Earlier this week, I listened to a work related podcast. The subject was Men’s Mental Health, something that I struggle with from time-to-time. It was put together by Work’s occupational health department and featured a bunch of men, colleagues from another division, sharing their own experiences of mental health, trying to dispel some myths, and attempting to get some answers along the way.
It was curated by a mental health councellor who guided the conversation along at a reasonable rate. Considering I don’t work for a media or creative type of company, it was very professionally put together.
Hooked from the Outset
Normally with this sort of work thing, I reluctantly don my headphones, click the play icon and do other things whilst I listen; check my emails, surf the news sites, scroll through Twitter etc. We’ve all been there, I’m sure!
However, on this occasion I was hooked from the outset. I won’t go into too much detail here as to what the podcast covered as we’ll be here all night; suffice to say that a few minutes in, there was a revelation by one of the group that made me openly gasp:
“What the f**k?”
That was it! I had to continue listening, giving it my full attention. This clearly wasn’t a normal training broadcast!
At this juncture in my narrative I would normally share a link to said podcast, so you could have a listen for yourself, however though it was hosted on work’s internal network – so if you’re outside that network, as you are, reading this: then it’s not accessible to you I’m afraid. Sorry. If I get a public link to it in the future, I’ll share it with you.
To continue. Using a common business cliché, one of the key takeaways from this podcast, came out of a discussion about male suicide and why in the UK, rates are three times higher than those of women (source: Samaritans PDF). Furthermore, when it comes to their own mental health, why are men less likley to seek help, than women?
Now I’m not qualified in mental health wellbeing in any format, so the latter point of that paragraph above, has never occurred to me before.
According to the UK’s Mental Health Foundation there’s a range of reasons why this difference exists, check out this article for a more detailed overview of the main reasons if you want to read further. However, the one that was discussed during my listening centred around the differences at when young girls and boys, first start to be exposure to the healthcare system.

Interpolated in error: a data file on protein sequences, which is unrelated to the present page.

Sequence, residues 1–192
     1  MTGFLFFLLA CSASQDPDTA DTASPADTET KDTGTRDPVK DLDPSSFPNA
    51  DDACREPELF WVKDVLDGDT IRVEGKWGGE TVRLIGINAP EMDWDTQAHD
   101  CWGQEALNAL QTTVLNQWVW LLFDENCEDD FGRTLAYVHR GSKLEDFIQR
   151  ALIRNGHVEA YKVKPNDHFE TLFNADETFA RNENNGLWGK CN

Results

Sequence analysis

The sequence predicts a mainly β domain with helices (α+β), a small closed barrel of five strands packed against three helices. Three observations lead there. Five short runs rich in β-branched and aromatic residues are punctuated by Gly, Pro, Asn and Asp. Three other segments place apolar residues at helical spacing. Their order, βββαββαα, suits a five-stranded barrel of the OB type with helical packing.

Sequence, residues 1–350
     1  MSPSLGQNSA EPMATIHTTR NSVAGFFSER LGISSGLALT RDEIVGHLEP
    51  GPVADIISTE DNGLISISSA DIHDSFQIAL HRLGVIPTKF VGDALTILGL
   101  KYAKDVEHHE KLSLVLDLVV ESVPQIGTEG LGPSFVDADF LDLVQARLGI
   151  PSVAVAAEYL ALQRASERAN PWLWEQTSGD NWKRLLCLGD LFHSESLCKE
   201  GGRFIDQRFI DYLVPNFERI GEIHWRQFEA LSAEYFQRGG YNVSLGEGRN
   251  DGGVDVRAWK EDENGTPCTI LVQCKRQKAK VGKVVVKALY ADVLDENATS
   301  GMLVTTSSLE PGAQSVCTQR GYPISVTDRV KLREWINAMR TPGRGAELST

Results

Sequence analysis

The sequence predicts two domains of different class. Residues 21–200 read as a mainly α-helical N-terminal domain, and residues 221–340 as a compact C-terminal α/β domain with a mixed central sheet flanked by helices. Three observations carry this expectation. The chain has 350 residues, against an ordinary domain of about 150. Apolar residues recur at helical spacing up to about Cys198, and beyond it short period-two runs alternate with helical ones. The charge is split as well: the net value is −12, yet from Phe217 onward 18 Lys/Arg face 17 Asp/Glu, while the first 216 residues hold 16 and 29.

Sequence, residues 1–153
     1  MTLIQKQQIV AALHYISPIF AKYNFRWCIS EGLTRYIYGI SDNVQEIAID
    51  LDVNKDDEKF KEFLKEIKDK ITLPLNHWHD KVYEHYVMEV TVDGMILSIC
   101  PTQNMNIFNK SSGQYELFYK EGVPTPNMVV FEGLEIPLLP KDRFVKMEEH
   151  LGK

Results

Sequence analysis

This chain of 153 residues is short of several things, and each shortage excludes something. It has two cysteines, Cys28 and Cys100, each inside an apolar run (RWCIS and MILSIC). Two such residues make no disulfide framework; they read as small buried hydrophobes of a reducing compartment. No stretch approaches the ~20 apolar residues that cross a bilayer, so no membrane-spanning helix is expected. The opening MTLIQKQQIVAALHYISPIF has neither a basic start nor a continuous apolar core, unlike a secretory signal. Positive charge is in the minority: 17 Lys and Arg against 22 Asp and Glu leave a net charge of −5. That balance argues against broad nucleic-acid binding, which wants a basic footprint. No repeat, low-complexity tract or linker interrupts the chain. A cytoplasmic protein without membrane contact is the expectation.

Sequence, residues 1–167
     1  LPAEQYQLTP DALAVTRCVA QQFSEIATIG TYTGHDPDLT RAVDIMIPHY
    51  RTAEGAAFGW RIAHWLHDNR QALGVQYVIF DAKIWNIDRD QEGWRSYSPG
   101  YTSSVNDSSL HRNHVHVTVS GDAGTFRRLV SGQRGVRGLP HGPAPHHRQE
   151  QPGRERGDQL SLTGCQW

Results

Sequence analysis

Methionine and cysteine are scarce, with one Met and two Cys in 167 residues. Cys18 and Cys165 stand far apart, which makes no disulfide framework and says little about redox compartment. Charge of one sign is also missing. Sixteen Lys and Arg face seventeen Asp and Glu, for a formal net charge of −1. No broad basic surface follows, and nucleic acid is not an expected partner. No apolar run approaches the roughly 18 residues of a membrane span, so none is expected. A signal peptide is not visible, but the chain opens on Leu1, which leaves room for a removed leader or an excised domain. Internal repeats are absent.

I Can Relate to That
The theory is this. Childhood diseases and illnesses aside, girls tend to start their relationship with their GP and as such a lifelong dialogue with the healthcare system, when they are relatively young. Commonly at the start of puberty or perhaps older when they become sexually active and want to ‘go on the pill’. This gives them the opportunity to get used to talking about their own health with a healthcare professional and as such making it easier to ‘open up’ in the future.
Young lads on the otherhand, and I’ve counted myself in with this generalisation, don’t tend to visit their GP unless there’s something ‘really wrong’ physically and even then it tends to be a functional visit. Minimal talking, just get in and get out!
For me that is certainly true. I can’t remember visiting a doctor without a parent in tow until I was in my mid-twenties. By which stage, the barriers were up and getting me to open up about anything that wasn’t physical, became that bit harder. You just ask my wife! Besides, no one ever asked me about the workings in my head. You just didn’t in the 70’s and 80s, the risk of a stigma that could undermine one’s masculinity (drilled into you since birth), was just too great!
I know this is a somewhat broad view of things and no doubt there will be some academic out there that can give a more detailed analysis – however, I’ve brought it up here, because the reasoning discussed in that podcast, for the differences, has struck a chord with me personally.
Mental health and its relevance to me, only came onto my radar as a concept when due to an accumulation of business pressures, excessive drinking and unrealistic expectations of myself; I had what they used to call, a ‘breakdown’. This was some 12/13 years ago, and it did put me into weekly therapy sessions and on to medication for several months following ‘a severe depression’ diagnosis.
That therapy raised my self-awareness, opened my eyes if you like, to my own mental state both then and with hindsight, what I’d been experiencing throughout my teenage years. Those bouts of prolonged ‘low mood’ and ‘isolation’ could at last be explained. Well sort of!
I’ll be revisiting this very personal topic in future posts. For now though, keep well, I’m off to seek out some more of those mental health podcasts.
Image credits: various creators, all images licensed through Adobe Image Stock.